I want to have a better understanding of the weight-optimization process.

I understand the optimizer(e.g., gradient descent) looks for the direction in which to move the parameters to minimize the loss function. Than it makes a move in that direction, the size of this move is determined by the learning rate.

I have an naive question. Why don't we just look for the stationary points instead of an iterative process?

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    $\begingroup$ When the dimension is even modestly large, searching for a stationary point a la grid search would be incredibly expensive computationally speaking. $\endgroup$ Oct 9, 2020 at 12:19
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    $\begingroup$ How would you propose to find the stationary points of an arbitrary function without an iterative process? $\endgroup$
    – Sycorax
    Oct 9, 2020 at 12:35
  • $\begingroup$ Check where the derivative is 0? I am not sure that works multi-dimensional space? $\endgroup$
    – Borut Flis
    Oct 9, 2020 at 13:46
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    $\begingroup$ Sure, functions in $\mathbb{R}^n$ have gradients. And you certainly can take the gradient and set it equal to zero. But the next step is to crank through the algebra. For some classes of functions, this is very simple. For other classes, this is harder, in the sense that the expression is grotesquely ornate, but still feasible. But we can actually show that it's impossible for still other classes of functions. $\endgroup$
    – Sycorax
    Oct 9, 2020 at 14:31

1 Answer 1


Root-finding can be framed as an optimization problem because we seek to find $x$ such that $f(x)=0$; if we consider that for some polynomial function $f$ we are seeking a stationary point $f^\prime(x)=0$, then this is just root-finding for $f^\prime$.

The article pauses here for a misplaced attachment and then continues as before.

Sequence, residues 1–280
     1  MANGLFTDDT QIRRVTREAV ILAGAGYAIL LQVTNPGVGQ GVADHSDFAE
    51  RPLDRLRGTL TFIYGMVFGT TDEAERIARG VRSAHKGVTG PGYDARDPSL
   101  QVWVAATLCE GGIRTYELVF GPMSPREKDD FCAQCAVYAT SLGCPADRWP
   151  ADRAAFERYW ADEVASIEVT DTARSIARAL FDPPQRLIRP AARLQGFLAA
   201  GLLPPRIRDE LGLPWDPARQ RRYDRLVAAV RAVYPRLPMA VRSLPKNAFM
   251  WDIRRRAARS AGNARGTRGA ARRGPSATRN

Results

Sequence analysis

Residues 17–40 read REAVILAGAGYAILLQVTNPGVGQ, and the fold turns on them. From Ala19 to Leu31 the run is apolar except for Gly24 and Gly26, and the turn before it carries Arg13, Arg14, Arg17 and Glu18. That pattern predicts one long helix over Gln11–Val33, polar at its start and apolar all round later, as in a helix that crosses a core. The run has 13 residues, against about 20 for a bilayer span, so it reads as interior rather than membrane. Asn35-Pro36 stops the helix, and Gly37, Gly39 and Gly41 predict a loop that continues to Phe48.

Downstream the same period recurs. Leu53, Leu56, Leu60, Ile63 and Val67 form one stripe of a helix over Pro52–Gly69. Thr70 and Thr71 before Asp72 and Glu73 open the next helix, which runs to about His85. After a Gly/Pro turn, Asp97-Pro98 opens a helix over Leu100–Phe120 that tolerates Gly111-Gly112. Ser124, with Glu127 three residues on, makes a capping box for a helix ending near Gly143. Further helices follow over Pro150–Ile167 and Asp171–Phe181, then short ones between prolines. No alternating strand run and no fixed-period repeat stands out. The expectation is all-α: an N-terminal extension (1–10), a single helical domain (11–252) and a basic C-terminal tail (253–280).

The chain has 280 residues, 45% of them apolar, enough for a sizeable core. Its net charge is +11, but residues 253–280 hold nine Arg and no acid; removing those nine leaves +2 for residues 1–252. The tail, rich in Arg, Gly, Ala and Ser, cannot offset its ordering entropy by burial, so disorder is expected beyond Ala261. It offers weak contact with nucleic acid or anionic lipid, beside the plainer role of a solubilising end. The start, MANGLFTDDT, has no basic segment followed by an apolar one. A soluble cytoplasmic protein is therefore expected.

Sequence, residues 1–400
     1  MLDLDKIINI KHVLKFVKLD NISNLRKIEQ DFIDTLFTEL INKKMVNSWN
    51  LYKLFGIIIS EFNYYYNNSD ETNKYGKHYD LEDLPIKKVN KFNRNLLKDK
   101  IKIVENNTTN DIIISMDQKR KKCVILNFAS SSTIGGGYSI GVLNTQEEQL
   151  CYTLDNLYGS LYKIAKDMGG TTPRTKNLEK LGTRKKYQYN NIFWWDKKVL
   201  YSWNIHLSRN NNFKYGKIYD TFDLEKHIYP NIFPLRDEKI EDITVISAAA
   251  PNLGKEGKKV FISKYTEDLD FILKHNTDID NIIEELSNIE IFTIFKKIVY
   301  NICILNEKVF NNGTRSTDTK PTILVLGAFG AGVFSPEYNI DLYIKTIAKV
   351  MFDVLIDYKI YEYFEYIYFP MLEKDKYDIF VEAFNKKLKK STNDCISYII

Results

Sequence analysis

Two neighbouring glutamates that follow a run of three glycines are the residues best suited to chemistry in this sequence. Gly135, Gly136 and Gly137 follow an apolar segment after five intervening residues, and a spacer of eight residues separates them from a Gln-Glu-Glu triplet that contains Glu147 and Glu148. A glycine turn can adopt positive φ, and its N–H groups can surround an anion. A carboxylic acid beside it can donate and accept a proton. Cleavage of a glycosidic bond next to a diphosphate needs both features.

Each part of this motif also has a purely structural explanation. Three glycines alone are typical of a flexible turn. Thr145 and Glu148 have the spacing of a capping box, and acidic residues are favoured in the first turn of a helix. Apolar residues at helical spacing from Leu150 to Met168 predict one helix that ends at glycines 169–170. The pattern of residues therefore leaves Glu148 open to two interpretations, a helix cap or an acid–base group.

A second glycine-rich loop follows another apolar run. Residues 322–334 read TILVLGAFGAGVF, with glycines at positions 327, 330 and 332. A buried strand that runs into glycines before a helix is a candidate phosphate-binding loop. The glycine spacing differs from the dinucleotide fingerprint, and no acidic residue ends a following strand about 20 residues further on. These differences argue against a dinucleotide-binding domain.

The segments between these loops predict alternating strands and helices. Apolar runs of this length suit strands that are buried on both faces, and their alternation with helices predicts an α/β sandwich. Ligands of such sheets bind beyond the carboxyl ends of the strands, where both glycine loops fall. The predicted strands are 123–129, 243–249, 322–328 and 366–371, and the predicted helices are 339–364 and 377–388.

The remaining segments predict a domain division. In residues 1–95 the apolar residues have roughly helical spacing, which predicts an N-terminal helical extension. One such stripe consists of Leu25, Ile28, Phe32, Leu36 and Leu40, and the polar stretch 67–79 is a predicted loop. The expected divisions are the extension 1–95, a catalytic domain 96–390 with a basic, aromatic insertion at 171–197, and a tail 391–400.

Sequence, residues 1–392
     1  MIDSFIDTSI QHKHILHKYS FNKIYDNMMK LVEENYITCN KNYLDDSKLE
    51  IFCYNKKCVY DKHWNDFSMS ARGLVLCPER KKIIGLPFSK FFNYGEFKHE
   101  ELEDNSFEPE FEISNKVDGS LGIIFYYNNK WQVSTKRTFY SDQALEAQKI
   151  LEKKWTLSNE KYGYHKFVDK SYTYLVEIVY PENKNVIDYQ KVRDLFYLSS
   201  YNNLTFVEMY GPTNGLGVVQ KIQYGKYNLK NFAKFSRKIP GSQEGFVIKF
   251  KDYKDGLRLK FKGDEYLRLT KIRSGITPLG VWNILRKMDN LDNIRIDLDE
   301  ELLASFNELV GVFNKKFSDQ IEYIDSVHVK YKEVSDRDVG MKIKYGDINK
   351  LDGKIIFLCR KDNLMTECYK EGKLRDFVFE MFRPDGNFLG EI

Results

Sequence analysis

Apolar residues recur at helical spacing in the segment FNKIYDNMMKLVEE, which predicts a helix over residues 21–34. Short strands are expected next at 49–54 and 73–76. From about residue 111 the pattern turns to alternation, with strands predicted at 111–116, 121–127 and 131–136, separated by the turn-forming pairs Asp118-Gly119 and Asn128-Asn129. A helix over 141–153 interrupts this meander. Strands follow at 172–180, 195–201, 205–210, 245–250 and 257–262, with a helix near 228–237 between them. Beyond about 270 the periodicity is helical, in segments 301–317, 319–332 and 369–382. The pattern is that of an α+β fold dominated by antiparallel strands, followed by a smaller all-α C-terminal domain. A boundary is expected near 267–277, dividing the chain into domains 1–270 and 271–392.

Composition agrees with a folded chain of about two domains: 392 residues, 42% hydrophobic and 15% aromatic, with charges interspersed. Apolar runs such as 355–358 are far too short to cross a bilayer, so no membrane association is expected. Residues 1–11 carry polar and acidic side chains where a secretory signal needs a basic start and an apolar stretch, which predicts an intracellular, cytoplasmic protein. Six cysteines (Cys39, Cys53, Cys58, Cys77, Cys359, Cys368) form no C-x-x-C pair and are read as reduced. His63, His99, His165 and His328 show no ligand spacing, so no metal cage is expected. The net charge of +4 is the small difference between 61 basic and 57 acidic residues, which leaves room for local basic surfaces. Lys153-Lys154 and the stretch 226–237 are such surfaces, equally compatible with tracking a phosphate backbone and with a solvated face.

Let's restrict consideration to finding the roots of polynomials in one variable. Polynomials are easy, right? The differentiation is nice and simple, and we know how many roots a polynomial has just by looking at its degree. And it's only an optimization in one variable, instead of many variables, so that's also very simple. So we might suppose that this this optimization should be straightforward.

In one dimension, the quadratic equation gives us the roots of a parabola, so we don't need any iterative methods there. There are also (more complex) root-finding formulae for cubic and quartic functions.

However, for quintic or higher-order polynomials, there is no expression using a finite number of algebraic operations (addition, subtraction, multiplication, division and root-extraction) which solves for the roots. This is the Abel-Ruffini theorem. (Also, note that a finite number of steps is even more relaxed than OP's requirement of a non-iterative method.)

So now let's return back to our starting point, which was finding stationary points of some general class of functions. All polynomials are more expansive than polynomials of degree less than 5, and in turn the union of polynomial and non-polynomial functions is more expansive than all polynomials. If we can't even find the roots of degree 5 polynomials using an algebraic expression, neither can we solve the more general problem of root finding for non-polynomial expressions.


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